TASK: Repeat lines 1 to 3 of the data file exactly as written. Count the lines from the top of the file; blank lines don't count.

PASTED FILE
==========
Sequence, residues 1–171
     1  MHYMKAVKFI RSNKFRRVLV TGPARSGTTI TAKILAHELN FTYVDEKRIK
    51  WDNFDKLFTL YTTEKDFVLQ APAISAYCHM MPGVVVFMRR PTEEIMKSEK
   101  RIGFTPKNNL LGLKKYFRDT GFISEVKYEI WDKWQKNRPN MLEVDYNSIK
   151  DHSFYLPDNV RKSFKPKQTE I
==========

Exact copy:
Sequence, residues 1–171
     1  MHYMKAVKFI RSNKFRRVLV TGPARSGTTI TAKILAHELN FTYVDEKRIK
    51  WDNFDKLFTL YTTEKDFVLQ APAISAYCHM MPGVVVFMRR PTEEIMKSEK